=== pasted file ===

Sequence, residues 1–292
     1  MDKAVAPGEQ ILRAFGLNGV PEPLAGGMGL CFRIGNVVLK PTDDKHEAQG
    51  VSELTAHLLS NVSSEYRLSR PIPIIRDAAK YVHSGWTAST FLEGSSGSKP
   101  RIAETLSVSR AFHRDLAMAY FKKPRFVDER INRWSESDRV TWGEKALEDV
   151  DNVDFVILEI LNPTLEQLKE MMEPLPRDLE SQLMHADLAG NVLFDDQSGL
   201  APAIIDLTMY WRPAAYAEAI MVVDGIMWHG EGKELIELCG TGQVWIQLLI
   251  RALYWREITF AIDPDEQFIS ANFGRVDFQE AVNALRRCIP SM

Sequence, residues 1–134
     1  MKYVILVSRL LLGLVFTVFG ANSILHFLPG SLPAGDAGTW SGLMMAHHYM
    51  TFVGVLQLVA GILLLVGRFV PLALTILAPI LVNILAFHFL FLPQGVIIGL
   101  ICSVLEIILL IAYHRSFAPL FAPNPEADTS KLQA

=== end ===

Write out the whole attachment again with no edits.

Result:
Sequence, residues 1–292
     1  MDKAVAPGEQ ILRAFGLNGV PEPLAGGMGL CFRIGNVVLK PTDDKHEAQG
    51  VSELTAHLLS NVSSEYRLSR PIPIIRDAAK YVHSGWTAST FLEGSSGSKP
   101  RIAETLSVSR AFHRDLAMAY FKKPRFVDER INRWSESDRV TWGEKALEDV
   151  DNVDFVILEI LNPTLEQLKE MMEPLPRDLE SQLMHADLAG NVLFDDQSGL
   201  APAIIDLTMY WRPAAYAEAI MVVDGIMWHG EGKELIELCG TGQVWIQLLI
   251  RALYWREITF AIDPDEQFIS ANFGRVDFQE AVNALRRCIP SM

Sequence, residues 1–134
     1  MKYVILVSRL LLGLVFTVFG ANSILHFLPG SLPAGDAGTW SGLMMAHHYM
    51  TFVGVLQLVA GILLLVGRFV PLALTILAPI LVNILAFHFL FLPQGVIIGL
   101  ICSVLEIILL IAYHRSFAPL FAPNPEADTS KLQA